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Nutritional Supplements to Promote Brain Function

Clinician's Brief (Capsule)

Neurology

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February 2015

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This study evaluated whether administration of a nutraceutical compound (Aktivait, vetplus.co.uk) that contains n-acetylcysteine, co-enzyme Q10, L-carnitine, α-lipoic acid, vitamins C and E, and polyunsaturated fatty acids (DHA, EPA) would result in changes in CSF biomarkers in healthy adult beagles. Previous studies showed that CSF composition varies in disease states and may reflect changes in brain energy metabolism (BEM). It was hypothesized that nutraceutical use may mitigate a decline in cognitive dysfunction.

CSF and blood samples were obtained from 11 healthy beagles before and after 50 days of treatment with a veterinary nutraceutical marketed for sustaining optimum brain function. CSF analysis was performed including a total nucleated cell count, total protein, glucose, sodium, chloride, potassium, pyruvate and lactate concentrations, and lactate/pyruvate (L/P) ratio. CBC and serum chemistry were also evaluated. All values were within reference ranges before and after treatment. Significant increases in CSF sodium and glucose concentrations as well as decreases in lactate levels and L/P ratio were noted posttreatment. After treatment, serum sodium and chloride concentrations were significantly increased and creatinine concentration was significantly decreased. The CSF sodium and glucose increase, and the decrease in lactate and L/P ratio may be suggestive of an improvement in BEM secondary to nutraceutical administration, but further studies are necessary determine how this relates to BEM in canine cognitive dysfunction.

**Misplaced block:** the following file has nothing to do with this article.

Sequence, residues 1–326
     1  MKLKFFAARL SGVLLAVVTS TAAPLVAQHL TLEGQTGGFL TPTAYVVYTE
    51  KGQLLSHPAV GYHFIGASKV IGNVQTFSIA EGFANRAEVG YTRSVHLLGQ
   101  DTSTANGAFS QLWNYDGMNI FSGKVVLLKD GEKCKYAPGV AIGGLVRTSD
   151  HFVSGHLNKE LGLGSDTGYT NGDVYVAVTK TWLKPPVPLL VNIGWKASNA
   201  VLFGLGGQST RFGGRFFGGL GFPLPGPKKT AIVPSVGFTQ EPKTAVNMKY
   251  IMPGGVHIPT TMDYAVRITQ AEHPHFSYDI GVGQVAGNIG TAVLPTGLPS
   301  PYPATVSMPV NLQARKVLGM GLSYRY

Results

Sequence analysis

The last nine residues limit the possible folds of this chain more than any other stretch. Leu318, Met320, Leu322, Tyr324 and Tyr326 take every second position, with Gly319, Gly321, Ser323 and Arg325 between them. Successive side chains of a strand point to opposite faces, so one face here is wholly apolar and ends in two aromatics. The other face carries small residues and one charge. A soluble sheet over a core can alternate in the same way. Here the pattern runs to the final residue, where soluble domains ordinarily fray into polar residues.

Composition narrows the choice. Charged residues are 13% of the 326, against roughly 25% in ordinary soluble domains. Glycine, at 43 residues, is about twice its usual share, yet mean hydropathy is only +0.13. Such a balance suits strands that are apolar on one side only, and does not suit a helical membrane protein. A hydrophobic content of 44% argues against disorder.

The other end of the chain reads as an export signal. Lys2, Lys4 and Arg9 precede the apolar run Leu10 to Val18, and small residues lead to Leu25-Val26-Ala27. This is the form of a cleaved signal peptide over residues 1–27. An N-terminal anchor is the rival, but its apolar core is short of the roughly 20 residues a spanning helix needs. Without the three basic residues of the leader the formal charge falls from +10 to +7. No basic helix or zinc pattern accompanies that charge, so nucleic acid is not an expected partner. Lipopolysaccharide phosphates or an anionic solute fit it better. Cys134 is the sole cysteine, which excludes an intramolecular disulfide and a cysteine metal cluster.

Commentary

Studies of Alzheimer’s disease (AD) in humans have found elevated CSF levels of lactate, pyruvate, and other nonspecific metabolic substrates, which are significantly associated with dementia severity. Significant increases in potassium, lactate, and pyruvate also have been reported in dogs with severe canine cognitive dysfunction (CCD). Some have hypothesized that dietary modification or supplementation can alter these metabolic markers, which may in turn reduce clinical signs.

A significant increase in CSF sodium and glucose and reduced L/P ratio was found in this study, demonstrating that feeding this particular nutraceutical altered certain CSF chemistries and potentially brain energy metabolism. The question remains, however, whether nutraceuticals cause similar changes in AD or CCD patients and whether this translates to a beneficial clinical effect.—Mark Troxel, DVM, DACVIM (Neurology)

References

For global readers, a calculator to convert laboratory values, dosages, and other measurements to SI units can be found here.

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